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  • Issue with Spring Security PrePost scanner not picking up some beans

    In a spring MVC application, I am having issues with the scanning only picking up certain classes when looking for protected methods.

    In this case, there is a child context (for MVC) with the global-method-security namespace tag. All beans in the child context are scanned for method security.

    There is a parent context which contains the managers, daos, etc, which includes the primary spring-security configuration, and also includes a global-method-security namespace tag.

    Unfortunately, only some of the beans in the parent context are scanned for method security. I am unable to recognize a pattern as to which classes are scanned and which are not. In all cases, some classes within one context file are scanned, while others are not. For example, only 2 classes in the security-context.xml are scanned, while all of the other beans are ignored.

    There are no errors on startup with both org.springframework and org.springframework.security set to trace debugging (which is how i can tell that only some classes are scanned).

    Does anyone have any pointers as to the means used to determine which classes are or are not scanned for method level security? Is there a location where I might place a breakpoint in the spring security code to attempt to discover why the classes absent are excluded from scanning?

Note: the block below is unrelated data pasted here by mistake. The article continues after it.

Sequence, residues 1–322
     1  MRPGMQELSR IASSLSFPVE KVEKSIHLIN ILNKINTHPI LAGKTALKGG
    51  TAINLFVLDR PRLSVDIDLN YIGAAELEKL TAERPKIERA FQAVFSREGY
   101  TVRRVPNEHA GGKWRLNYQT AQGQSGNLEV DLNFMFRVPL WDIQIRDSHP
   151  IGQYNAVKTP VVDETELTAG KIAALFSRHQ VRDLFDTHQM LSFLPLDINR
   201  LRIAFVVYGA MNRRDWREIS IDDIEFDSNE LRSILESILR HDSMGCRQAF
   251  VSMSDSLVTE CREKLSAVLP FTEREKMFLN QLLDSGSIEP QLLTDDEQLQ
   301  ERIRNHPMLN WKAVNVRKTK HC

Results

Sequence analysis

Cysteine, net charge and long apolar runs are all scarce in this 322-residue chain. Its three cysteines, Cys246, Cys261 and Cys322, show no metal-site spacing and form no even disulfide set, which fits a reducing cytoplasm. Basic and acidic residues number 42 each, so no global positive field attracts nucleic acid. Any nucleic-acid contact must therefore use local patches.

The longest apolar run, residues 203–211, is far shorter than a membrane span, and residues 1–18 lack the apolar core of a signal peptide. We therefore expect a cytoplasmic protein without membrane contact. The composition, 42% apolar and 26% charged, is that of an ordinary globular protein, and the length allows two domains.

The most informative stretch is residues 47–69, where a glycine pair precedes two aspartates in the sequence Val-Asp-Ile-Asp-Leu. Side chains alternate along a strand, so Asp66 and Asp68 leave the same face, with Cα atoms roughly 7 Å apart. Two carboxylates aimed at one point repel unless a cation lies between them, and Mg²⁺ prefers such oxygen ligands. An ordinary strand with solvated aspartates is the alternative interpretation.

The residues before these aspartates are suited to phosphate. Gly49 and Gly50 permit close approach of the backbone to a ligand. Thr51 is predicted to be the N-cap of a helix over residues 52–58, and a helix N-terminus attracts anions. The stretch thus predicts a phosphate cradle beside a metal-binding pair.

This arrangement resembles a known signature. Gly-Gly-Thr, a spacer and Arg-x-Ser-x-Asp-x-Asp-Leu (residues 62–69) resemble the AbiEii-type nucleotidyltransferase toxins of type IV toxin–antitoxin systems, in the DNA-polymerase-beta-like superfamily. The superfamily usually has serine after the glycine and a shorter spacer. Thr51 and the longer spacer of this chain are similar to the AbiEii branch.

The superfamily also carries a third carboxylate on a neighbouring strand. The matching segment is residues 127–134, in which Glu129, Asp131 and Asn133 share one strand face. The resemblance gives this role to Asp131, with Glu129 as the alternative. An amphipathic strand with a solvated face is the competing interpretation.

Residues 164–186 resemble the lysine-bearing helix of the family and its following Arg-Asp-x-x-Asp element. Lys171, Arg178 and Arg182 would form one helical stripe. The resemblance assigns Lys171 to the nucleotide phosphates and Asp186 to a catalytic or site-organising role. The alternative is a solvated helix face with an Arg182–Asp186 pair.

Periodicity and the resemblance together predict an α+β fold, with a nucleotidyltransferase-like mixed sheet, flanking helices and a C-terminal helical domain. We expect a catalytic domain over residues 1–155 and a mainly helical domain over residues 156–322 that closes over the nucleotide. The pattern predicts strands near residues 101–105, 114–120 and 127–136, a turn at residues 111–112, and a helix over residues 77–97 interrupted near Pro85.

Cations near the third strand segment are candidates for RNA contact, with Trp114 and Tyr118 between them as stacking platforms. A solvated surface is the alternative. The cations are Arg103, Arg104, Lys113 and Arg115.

Please let me know if there is any additional information I can provide to help get closer to an answer.

    Thank you,
    --b

  • #2
    I found the answer to this after many hours of debugging by placing a breakpoint on AbstractBeanFactory.addBeanPostProcessor(BeanPostP rocessor) and observing that only ApplicationContextAware and ServletContextAware were registered before the instantiation of my beans. It turns out, I guess, that the security annotation post-processor does not get registered until after the full security framework is instantiated, so any beans which are dependencies of the framework or dependencies of those dependencies are not protectable.

    My solution to the problem for now is to provide those dependencies by method injection (lookup-method). Is there a better way to accomplish this?

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    • #3
      thanks!

      I was running into the same problem: protecting resources using a PermissionEvaluator which would access one of the DAO's. Naturally, only that DAO was not protected, and I couldn't figure out why.

      It seems to me that it would be impossible to initialize a bean before the security framework and still apply method security as Spring won't be able to create the proxies which enforce the security as long Spring Security is not initialized. Your lookup-method is a nice hack around that dependency, because it defers the need for initialization to when the method is invoked.

      Idea for an enhancement: Would it be possible to log a WARNING, so a user knows that a class is not being scanned because of a dependency?

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